Legal Considerations to Make When Buying and Owning a Home - Ideal REI

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Legal Considerations to Make When Buying and Owning a Home

A lot goes into the home buying process and home ownership. You have to not only find the right home but also find it at a price that works for you and your family.

In addition to that, you also need to do things like furnishing it, securing a mortgage and paying the fees. Thankfully, the excitement around buying a new home and being a homeowner makes that process a little easier.

However, as exciting as home buying and ownership can be, it is important to realize it’s a large purchase! A home is likely the most expensive thing you will ever own. Most people will take decades to pay off their home.

As a result, you want to ensure that all legal requirements are met when you buy it. Additionally, you should also be aware of potential legal issues during home ownership.

This article is going to look at some major considerations you should make when buying a house or as a homeowner.

Please note, the author of this article and no one at IdealREI.com is an attorney and cannot provide legal advice. Everything written is the opinion of the author.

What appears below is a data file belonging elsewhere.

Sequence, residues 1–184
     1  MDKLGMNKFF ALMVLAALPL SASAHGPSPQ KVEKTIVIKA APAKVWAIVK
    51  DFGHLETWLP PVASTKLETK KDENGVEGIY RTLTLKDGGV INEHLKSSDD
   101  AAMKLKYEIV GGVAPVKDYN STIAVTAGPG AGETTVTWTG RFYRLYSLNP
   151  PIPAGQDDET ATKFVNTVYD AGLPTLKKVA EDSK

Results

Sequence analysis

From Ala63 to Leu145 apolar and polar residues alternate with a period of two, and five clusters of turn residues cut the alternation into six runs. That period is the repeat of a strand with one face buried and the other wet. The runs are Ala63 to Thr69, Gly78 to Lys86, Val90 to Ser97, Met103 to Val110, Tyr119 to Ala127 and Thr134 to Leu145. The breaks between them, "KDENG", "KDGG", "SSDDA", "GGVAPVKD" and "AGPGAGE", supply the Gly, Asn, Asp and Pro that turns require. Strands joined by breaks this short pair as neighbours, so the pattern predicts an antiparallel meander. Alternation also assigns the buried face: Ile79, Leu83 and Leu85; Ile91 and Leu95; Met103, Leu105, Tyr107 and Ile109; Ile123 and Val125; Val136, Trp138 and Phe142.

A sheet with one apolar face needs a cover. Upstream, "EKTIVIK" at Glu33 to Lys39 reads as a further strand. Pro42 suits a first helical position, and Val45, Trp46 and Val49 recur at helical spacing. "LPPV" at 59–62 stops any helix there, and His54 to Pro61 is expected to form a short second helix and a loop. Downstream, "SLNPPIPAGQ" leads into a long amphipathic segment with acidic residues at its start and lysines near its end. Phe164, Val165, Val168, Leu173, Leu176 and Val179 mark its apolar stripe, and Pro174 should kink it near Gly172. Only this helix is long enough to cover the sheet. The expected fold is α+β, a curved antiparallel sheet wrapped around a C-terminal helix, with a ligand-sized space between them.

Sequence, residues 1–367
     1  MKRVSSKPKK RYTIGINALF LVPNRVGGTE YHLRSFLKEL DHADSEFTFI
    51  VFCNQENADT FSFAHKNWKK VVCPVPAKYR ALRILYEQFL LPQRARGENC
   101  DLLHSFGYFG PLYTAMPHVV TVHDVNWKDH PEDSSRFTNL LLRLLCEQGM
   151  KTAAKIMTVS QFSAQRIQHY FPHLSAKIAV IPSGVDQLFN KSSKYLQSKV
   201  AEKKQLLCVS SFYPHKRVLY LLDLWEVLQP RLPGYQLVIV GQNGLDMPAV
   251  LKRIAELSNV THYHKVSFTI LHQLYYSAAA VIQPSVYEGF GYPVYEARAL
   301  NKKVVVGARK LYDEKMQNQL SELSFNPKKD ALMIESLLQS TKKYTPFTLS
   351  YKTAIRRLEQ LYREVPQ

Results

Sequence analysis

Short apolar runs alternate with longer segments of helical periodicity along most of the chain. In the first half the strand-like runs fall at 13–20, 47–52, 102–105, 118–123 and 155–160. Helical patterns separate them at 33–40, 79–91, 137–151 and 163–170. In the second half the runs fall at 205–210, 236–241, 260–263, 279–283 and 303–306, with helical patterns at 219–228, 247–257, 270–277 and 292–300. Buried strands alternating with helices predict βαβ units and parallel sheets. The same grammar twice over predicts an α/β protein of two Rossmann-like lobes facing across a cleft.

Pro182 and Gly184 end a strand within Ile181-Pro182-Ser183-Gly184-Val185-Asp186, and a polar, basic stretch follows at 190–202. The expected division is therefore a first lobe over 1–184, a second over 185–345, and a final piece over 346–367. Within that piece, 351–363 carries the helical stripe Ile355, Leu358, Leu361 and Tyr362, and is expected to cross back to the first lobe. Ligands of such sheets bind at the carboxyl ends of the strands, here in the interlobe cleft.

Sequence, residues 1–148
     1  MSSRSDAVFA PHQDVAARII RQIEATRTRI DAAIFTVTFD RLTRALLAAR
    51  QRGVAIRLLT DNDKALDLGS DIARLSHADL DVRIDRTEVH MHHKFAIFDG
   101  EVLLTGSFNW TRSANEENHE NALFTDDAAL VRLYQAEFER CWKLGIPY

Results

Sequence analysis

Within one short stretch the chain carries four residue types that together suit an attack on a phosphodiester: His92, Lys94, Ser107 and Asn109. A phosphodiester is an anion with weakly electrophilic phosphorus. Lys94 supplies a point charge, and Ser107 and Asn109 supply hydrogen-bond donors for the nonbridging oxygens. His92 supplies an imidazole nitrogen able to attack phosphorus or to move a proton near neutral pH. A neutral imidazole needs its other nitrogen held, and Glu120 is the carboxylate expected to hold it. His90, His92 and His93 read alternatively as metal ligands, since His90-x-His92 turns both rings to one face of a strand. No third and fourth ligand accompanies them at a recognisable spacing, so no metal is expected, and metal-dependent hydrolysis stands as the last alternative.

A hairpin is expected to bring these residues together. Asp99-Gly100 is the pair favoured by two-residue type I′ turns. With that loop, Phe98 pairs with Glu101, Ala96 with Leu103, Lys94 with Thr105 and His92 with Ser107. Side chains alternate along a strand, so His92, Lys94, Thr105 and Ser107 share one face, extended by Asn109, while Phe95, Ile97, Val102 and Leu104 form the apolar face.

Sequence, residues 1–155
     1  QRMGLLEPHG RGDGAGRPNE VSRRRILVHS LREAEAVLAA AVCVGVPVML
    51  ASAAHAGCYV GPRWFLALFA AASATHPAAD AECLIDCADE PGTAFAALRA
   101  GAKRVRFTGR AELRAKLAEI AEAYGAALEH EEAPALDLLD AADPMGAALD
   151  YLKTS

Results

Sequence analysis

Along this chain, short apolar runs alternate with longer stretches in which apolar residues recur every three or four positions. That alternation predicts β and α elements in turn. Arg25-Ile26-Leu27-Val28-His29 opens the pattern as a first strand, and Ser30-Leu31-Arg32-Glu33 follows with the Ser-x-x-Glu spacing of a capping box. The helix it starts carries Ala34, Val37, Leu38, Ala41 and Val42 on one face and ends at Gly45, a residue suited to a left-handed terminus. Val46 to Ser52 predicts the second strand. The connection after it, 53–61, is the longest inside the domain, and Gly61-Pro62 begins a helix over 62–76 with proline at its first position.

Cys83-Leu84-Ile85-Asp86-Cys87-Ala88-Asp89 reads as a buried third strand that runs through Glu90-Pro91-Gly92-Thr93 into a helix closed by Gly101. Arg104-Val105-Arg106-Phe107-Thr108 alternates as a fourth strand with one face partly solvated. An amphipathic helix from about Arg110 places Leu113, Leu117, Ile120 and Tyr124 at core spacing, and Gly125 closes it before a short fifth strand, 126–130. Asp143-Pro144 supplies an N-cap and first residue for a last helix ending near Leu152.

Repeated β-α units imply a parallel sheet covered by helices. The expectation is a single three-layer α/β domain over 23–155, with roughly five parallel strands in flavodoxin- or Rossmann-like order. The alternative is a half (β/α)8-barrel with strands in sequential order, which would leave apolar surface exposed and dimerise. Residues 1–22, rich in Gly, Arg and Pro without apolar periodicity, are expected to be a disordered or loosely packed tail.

Know What is Legal and What Is Not

Buying a home is often uncharted territory for many people, and this can lead to a lot of confusion. The best way to limit this confusion is to educate yourself about what is legal and what is not.

In particular, you should educate yourself about contract law. For example, a seller can take numerous bids, but can only sign one contract.

If they receive a better offer but have already signed a contract with another buyer, they cannot renege unless the first buyer backs out. Many sellers may think about this or try this, despite the fact it’s illegal.

So unless you want to potentially be taken advantage of or left in the dark about things, it is important to know what is legal in your area.

On top of knowing what is legal during the buying process, you should also know the local laws in your area. Some areas will allow things like planting trees on the property line, while others will not. Also, be aware of any HOA’s (homeowners associations) in your area.

They can regulate a wide variety of things such as landscaping, decorations and even the pets you have.

Make Sure You Meet All Contingencies

In any sort of real estate contract, there will be contingencies that must be met before the deal is final. Normally, the biggest one that a buyer has is the sale of your current home.

Most people sell their previous home before moving into a new one, to be able to afford it. However, having a contingent offer is sometimes negative as many sellers might prefer to work with someone who doesn’t have to sell a previous house. Simply put, it avoids any potential delays. So you might be better off selling your home in advance and finding somewhere else to live while you find a new one.

Of course, this is just one common contingency, but there are many that could apply. They must be met before any legal sale of the home takes place. If you have trouble understanding some of the contingencies or are unsure if you can meet them all on time, it is a good idea to meet with a real estate expert or lawyer to better understand your options.